Masterclass: Nikolaj Szeps-Znaider on Elgar’s Violin Concerto

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The violin soloist, chamber musician and conductor gives practical advice on the great English composer’s noble string work. From November 2010

One of the main challenges of this piece is its length. Despite its formal clarity and conventionality there is a danger that it either becomes a 50-minute rhapsody or that it becomes fragmented unless it is homogeneous in some way. It lives and breathes by long lines, a sense of the long arch.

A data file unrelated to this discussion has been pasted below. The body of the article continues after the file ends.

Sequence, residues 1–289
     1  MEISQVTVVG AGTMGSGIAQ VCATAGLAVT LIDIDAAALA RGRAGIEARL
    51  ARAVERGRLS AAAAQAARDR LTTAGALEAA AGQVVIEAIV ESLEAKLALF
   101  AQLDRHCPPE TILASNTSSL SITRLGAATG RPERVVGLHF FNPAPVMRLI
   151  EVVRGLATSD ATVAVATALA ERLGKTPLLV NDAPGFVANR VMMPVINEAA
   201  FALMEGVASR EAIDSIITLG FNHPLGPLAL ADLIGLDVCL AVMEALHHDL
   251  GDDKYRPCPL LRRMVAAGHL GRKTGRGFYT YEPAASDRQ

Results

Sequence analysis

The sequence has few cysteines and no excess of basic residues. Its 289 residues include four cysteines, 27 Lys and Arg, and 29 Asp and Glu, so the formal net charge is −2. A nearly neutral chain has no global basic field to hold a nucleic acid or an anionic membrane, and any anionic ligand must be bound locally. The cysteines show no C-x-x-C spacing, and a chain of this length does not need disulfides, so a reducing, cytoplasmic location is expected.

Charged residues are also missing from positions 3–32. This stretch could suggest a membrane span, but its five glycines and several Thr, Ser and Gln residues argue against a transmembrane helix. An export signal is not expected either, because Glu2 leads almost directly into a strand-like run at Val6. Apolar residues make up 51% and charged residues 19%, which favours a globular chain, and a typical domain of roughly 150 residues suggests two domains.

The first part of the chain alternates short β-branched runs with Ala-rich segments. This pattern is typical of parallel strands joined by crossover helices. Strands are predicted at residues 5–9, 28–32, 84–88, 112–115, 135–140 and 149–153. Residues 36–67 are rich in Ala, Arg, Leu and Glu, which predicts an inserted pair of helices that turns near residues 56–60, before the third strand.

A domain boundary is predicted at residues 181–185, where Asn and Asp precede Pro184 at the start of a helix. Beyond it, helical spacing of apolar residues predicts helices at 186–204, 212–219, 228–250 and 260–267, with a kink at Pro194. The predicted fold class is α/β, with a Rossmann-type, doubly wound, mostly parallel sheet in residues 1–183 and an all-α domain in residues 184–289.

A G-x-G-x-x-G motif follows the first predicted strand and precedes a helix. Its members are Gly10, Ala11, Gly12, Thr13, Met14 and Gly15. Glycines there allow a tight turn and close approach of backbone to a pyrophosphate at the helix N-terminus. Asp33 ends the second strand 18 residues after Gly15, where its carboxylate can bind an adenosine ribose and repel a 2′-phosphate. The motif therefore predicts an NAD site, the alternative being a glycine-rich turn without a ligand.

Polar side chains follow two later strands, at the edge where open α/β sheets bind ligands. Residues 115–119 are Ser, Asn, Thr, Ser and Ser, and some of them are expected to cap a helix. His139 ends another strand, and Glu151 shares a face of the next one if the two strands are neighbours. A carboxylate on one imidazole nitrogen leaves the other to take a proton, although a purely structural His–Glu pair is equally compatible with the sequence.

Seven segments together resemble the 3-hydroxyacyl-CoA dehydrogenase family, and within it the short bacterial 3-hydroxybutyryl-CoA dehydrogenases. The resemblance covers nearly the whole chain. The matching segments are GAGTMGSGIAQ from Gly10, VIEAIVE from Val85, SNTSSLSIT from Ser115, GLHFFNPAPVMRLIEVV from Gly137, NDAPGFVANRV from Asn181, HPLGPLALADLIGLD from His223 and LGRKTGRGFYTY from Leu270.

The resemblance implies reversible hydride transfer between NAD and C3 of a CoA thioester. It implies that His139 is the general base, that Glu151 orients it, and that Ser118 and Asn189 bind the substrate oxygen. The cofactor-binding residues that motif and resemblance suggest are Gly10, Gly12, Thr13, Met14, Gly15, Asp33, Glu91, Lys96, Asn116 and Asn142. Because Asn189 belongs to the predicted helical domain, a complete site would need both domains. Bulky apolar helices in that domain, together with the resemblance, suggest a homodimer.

The whole piece is characterised by a constant ebb and flow. There’s always a sense of moving forward and then taking time, without which the music becomes mundane. This work needs the musical gestures that would kill other music. Can you imagine doing it with Beethoven, for instance? It’s a completely different thing, and yet it’s built up very much in the sense of that tradition. We might associate this more with French or 20th-century music, although otherwise the piece is very Germanic in its structure.

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